Philosophy (from the Greek philo (love) and sophia (wisdom)) in British culture has undergone a series of revolutionary changes since 1960. Until recently, English language philosophy was dominated by analytic and linguistic philosophy based on works by Bertrand Russell, G.E.Moore, Wittgenstein and the ordinary language philosophy of Austin. The early logical positivist tradition rejected metaphysics as a genuine line of philosophical enquiry, arguing that its findings were speculative, inconclusive, unverifiable and, thus, meaningless. Instead, philosophy was allied with empirical science. Its task was identified as simply to derive meaning through the logical analysis of concepts and the language we use to express, apprehend and classify them. Oxford linguistic philosophy, spearheaded by Gilbert Ryle, A.J.Ayer and J.L.Austin, was ascendant in Britain until the mid-1960s.
   Before the second half of the century, this analytic approach shared almost no intersection with continental philosophy. The principle strands of continental thought concerned existentialism (Kierkegaard, Sartre), phenomenology (Husserl, Heidegger, Merleau-Ponty), structuralism (Saussure, Levi-Strauss, Chomsky) and critical theory (Lukacs, Adorno, Marcuse). While radically divergent, such continental philosophers generally emphasized contextual relations of interdependence and the consequent requirement of appre-hending the structures of the world in their totality. These approaches, while far removed from the formal, abstract, atomistic methods of English language philosophy, challenged that model by introducing global context and the ‘linguistic turn’: the view that the world might be shaped by rather than make language.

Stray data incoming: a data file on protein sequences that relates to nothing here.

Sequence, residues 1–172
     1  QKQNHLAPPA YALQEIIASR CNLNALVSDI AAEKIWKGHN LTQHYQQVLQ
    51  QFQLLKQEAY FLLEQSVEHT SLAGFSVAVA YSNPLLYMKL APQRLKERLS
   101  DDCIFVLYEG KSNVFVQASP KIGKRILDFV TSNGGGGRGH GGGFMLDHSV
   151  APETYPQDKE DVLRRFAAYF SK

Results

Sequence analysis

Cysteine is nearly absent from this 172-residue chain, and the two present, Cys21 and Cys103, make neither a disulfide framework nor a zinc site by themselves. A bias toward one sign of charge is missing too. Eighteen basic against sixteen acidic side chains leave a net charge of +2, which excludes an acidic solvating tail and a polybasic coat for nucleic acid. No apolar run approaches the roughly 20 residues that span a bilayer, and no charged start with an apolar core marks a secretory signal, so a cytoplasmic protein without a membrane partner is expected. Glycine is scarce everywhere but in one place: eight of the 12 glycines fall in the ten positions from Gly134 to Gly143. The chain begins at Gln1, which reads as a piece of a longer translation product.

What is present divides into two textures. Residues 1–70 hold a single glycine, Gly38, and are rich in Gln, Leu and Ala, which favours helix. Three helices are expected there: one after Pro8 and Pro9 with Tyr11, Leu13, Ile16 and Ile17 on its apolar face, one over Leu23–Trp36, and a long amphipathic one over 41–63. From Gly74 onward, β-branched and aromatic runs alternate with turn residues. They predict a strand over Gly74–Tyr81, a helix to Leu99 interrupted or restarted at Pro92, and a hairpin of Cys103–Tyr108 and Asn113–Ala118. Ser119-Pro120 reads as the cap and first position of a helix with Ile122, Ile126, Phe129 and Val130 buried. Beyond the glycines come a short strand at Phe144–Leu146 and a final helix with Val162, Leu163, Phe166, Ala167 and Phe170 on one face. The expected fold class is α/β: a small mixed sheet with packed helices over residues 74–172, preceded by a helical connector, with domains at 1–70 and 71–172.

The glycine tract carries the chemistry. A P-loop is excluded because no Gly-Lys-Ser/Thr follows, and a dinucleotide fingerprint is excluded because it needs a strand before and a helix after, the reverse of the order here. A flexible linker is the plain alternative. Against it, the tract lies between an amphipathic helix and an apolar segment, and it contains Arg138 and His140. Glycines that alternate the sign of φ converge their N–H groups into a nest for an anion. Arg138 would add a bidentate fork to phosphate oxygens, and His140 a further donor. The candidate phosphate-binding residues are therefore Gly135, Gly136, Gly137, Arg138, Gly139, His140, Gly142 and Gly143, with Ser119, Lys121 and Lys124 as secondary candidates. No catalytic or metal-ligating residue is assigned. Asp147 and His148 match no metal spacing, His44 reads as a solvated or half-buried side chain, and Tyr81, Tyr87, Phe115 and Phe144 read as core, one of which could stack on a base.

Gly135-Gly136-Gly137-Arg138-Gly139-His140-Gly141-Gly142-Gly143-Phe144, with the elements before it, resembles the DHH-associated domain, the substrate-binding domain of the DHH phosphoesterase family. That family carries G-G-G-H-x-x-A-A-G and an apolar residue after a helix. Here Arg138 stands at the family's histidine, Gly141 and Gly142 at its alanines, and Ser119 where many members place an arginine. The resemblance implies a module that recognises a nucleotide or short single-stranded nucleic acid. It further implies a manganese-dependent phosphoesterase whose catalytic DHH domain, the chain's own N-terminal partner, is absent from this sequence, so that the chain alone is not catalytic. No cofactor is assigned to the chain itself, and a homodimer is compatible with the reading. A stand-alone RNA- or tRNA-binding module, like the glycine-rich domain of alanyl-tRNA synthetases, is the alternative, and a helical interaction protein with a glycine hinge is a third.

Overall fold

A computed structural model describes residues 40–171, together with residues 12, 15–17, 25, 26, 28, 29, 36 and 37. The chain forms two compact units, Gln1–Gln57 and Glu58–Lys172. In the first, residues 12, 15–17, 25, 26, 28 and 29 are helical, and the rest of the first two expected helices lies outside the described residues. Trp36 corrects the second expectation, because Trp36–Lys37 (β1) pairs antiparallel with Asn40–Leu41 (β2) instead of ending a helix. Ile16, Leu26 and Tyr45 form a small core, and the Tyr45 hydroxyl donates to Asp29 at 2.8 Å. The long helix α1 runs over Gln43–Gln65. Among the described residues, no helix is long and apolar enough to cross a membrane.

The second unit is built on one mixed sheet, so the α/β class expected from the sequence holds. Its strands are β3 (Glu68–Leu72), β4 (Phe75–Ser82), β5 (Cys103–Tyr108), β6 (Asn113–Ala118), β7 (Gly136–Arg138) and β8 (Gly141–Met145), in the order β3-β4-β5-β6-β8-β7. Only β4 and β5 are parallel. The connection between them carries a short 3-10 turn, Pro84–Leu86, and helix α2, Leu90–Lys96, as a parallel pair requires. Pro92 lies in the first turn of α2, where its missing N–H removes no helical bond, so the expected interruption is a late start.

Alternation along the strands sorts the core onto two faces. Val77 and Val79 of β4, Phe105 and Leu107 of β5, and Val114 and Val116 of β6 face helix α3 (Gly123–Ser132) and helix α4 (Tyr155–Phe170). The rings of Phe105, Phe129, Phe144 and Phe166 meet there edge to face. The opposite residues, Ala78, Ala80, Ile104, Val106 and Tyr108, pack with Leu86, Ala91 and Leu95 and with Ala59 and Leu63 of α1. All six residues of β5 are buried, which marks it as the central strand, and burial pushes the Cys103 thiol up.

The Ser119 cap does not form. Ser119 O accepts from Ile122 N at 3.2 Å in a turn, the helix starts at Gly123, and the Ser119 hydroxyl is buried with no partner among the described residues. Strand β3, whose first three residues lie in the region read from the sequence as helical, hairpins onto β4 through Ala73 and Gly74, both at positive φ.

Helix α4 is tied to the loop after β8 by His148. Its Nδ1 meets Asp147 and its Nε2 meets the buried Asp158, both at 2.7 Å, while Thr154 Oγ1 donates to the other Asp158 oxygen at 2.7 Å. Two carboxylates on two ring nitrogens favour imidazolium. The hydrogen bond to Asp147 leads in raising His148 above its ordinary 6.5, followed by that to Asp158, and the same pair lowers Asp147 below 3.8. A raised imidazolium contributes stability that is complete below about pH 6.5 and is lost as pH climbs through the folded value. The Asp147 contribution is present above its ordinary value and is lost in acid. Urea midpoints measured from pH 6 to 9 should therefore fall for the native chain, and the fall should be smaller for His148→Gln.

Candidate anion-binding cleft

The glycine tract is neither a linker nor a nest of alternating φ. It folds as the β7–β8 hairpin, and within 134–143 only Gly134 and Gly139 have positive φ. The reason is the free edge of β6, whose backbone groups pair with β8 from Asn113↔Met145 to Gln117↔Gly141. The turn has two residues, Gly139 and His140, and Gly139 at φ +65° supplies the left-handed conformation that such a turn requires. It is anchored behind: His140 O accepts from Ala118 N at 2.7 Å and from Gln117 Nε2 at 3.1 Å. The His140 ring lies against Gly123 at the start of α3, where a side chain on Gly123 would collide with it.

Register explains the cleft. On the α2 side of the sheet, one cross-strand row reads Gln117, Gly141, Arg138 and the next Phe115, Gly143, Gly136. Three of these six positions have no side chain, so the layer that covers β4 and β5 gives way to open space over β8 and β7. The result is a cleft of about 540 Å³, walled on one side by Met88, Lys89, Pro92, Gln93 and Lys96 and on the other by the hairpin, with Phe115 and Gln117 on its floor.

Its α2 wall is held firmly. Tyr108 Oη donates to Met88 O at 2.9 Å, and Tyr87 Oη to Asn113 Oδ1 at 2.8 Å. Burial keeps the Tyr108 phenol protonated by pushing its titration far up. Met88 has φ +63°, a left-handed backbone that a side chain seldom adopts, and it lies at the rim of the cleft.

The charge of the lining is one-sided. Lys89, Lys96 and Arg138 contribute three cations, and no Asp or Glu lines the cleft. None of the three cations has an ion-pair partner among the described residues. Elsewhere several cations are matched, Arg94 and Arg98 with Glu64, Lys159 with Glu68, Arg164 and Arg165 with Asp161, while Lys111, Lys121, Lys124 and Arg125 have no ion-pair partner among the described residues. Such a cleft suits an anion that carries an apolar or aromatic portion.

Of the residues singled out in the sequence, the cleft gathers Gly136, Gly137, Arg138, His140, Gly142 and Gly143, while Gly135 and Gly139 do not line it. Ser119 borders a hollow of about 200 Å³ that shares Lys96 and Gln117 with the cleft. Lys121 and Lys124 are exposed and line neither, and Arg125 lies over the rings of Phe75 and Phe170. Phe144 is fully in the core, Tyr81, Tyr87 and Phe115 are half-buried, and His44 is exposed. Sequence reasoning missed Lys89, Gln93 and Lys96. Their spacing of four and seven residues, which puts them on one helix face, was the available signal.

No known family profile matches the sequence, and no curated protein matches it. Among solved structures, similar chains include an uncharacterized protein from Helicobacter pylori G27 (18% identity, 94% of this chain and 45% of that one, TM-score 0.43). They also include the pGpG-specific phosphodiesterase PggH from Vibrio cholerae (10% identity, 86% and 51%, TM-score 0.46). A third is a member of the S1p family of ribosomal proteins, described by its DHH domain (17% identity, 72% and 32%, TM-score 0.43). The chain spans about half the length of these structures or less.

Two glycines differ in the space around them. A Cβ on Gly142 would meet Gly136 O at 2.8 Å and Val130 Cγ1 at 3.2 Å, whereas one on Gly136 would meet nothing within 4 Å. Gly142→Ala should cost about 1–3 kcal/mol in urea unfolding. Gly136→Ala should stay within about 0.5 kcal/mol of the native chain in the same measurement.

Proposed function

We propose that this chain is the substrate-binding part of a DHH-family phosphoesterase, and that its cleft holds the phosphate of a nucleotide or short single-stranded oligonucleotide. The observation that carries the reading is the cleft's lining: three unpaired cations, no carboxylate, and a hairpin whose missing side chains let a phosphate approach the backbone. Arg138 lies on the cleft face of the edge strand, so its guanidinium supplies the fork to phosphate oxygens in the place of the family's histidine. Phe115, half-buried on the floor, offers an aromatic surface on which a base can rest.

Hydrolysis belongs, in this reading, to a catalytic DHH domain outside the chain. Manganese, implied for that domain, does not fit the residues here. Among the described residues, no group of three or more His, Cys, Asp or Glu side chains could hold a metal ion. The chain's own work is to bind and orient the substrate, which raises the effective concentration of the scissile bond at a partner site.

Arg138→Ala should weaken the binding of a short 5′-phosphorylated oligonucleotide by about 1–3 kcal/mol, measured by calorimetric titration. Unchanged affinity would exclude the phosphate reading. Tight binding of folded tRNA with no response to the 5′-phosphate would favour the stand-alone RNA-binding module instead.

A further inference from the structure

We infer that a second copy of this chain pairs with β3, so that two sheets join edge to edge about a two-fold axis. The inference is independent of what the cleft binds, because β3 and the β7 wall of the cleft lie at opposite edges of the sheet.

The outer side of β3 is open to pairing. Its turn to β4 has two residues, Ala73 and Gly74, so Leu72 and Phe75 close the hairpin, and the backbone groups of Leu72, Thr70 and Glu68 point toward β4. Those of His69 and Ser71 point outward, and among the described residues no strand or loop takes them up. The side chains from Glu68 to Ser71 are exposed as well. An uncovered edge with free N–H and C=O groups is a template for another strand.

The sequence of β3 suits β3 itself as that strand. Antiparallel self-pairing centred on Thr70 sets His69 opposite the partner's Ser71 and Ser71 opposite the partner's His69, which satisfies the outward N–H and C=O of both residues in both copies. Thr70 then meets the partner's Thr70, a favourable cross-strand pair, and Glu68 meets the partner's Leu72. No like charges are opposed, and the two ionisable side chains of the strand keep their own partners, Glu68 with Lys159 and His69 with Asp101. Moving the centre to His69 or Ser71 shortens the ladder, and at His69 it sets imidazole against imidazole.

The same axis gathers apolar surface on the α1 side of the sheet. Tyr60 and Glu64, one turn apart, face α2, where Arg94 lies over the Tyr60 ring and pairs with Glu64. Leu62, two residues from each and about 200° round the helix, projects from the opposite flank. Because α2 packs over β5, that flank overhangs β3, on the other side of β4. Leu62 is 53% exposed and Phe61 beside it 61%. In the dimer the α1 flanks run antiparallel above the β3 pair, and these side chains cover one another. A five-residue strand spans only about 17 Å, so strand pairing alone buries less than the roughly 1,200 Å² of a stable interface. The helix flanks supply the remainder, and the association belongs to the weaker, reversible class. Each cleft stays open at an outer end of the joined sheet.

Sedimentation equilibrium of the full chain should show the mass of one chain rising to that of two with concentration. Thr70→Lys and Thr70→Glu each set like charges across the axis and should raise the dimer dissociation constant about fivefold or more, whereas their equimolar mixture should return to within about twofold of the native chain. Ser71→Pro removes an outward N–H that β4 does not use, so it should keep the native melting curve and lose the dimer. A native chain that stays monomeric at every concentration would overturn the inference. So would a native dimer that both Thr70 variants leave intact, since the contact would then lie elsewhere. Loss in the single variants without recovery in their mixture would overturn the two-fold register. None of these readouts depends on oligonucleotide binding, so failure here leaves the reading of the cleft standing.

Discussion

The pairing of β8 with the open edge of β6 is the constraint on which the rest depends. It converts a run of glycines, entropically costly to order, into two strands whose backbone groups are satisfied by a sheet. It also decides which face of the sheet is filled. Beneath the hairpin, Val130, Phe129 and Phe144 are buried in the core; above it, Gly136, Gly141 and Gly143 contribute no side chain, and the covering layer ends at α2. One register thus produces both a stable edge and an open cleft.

In consequence, Anglo-American philosophy is no longer restricted to mere conceptual analysis. Its convergence with continental philosophy has resounded throughout all the disciplines of social science in an attempt to come to terms with the particularity, complexity and undecidability of the many and varied social contexts in which we live. This constitutes a serious challenge to canonical philosophers such as Plato, Aristotle, Hobbes or Locke, for the death of universalism has injected the particularistic fringes of philosophy with new vitality while leaving mainstream philosophical disciplines such as metaphysics and epistemology either discredited, irrelevant or incredulous. The linguistic turn revolutionized the way in which we view the world and the place of philosophy within it. Most significantly, social and cultural worlds are no longer seen as external, real and analytically objective objects, but as something in which we participate. Philosophy is now regarded as part of our cultural enterprise rather than a mere examination of that culture.
   Engagement in philosophy no longer requires an ivory tower retreat and is part of any thoughtful, world-engaging enterprise. If philosophy dwells in the world itself, it asks only that we engage in the world, that we immerse ourselves in our particular culture, and that we perceive the meanings, values and possibilities in a multiplicity of diverse ways of life. This permits radical and intriguing questions from cultural fringes to have a legitimacy and a voice that was hitherto excluded or silenced.
   Further reading
    Bunnin, N. and Tsui-James, E.P. (1996) The Blackwell Companion to Philosophy, Oxford: Blackwell.

Encyclopedia of contemporary British culture . . 2014.

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